“If only I hadn’t climbed up on that @#$%^&* chair!”
We’ve all heard the expression “Hindsight is 20/20.” But what does that kind of expert vision accomplish if it just manifests as regret. Absolutely NO good! In order to be valuable, hindsight has to give us a little foresight. In other words, it must be combined with learning to have any benefit in the future.
My husband Peter and I had this discussion recently after a very regrettable incident, and yes, if he could have predicted it, he would have done things differently. But one thing is for darn sure . . . he will never, EVER again stand on a chair without being very mindful. Actually he may never again stand on a chair at all!
Here’s what happened. Peter woke me up one morning last week with the urgent news that there was a bat in our house – a bat now trapped under a bowl on our bookcase after he cornered it – and I needed to get up to help him get the bat out of the house.
So there I was, cookie sheet in hand, while he slid the bowl ever so carefully off the shelf onto it. Everything was going perfectly . . . until Peter lost his balance and fell off the chair. The bat was captured successfully, but Peter landed badly and his knee was not looking “right.” Actually it was looking very, very wrong, with a huge bulge protruding away from his leg.
This long story ended with a trip to the Emergency Room and surgery to repair a torn quadriceps tendon a day later. He will now be on crutches for 6 weeks. What a set-up for a case of the “woulda, coulda, shoulda’s”! But it doesn’t help his current situation to realize that he was focusing too much on the bat and too little on his balance.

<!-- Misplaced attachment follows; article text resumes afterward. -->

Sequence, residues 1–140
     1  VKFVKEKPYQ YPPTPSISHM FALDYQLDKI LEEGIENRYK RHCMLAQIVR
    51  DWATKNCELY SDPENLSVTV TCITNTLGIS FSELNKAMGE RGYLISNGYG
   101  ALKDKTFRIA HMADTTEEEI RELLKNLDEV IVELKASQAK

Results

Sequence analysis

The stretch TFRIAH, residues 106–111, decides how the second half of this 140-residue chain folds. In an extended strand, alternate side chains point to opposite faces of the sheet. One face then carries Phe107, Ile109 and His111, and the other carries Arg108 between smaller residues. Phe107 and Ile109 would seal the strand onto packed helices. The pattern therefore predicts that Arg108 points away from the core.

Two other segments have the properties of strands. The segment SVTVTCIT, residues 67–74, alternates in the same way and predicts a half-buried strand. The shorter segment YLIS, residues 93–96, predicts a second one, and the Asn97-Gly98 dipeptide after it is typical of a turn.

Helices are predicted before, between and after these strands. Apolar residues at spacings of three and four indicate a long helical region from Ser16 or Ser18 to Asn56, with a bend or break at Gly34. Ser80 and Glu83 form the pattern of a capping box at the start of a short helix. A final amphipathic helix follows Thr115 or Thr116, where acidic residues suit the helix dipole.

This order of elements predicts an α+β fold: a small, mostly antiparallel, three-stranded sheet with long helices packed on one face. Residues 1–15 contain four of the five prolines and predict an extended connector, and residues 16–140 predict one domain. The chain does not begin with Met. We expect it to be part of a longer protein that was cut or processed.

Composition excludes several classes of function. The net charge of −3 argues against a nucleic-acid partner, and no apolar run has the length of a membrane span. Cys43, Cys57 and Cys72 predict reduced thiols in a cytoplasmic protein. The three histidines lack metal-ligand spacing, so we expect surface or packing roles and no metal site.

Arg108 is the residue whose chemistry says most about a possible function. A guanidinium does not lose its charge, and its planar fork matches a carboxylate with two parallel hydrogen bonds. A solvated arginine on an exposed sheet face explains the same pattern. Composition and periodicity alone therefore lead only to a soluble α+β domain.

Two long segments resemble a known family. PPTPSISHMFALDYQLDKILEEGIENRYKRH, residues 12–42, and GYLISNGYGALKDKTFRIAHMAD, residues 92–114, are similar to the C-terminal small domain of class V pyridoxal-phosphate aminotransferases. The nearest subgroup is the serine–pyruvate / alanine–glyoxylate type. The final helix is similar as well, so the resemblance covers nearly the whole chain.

Experience is a great teacher though. This recent setback has started me thinking that learning from the “slips” of eating habits – the equivalent of falling off the chair (or the wagon!) – presents a similar opportunity. Unfortunately it is all too common for people to get stuck in the regret of their disappointments, looking back with hindsight (that crystal clear perspective) to see that “I shouldn’t have eaten so many cookies,” instead of understanding what caused it to happen and looking for solutions . . . changing the hindsight to foresight.
We can predict that destructive eating patterns will happen again if all we do is display perfect hindsight. That’s easy! In order to turn it into something productive, we need to give up on the regret and “if only’s” so we can actually learn something useful.
If having an abundance of cookies in the house causes a cookie binge, there is a difference between saying, “I shouldn’t have eaten all of those! I have no willpower,” and observing that “having all those temptations in the house is not very supportive of my goals. I will practice self-compassion by not buying them.” (awareness + insight = learning)
The first method is judgmental and negative. It does not get beyond the regret and shame of “messing up.” The second is supportive and useful. This may sound like picky semantics, but it makes a big difference! Are you learning or just finding fault with yourself?